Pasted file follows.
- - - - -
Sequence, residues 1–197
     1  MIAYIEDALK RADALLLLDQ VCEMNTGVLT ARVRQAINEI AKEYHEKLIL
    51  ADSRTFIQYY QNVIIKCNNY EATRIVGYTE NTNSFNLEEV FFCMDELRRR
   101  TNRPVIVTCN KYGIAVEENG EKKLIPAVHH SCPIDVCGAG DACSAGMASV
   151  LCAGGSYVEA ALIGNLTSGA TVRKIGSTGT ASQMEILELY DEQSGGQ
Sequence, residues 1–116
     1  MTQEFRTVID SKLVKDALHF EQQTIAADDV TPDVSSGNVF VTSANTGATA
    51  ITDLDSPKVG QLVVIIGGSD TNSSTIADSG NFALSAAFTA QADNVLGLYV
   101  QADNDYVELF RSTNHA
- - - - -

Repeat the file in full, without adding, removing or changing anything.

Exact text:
Sequence, residues 1–197
     1  MIAYIEDALK RADALLLLDQ VCEMNTGVLT ARVRQAINEI AKEYHEKLIL
    51  ADSRTFIQYY QNVIIKCNNY EATRIVGYTE NTNSFNLEEV FFCMDELRRR
   101  TNRPVIVTCN KYGIAVEENG EKKLIPAVHH SCPIDVCGAG DACSAGMASV
   151  LCAGGSYVEA ALIGNLTSGA TVRKIGSTGT ASQMEILELY DEQSGGQ
Sequence, residues 1–116
     1  MTQEFRTVID SKLVKDALHF EQQTIAADDV TPDVSSGNVF VTSANTGATA
    51  ITDLDSPKVG QLVVIIGGSD TNSSTIADSG NFALSAAFTA QADNVLGLYV
   101  QADNDYVELF RSTNHA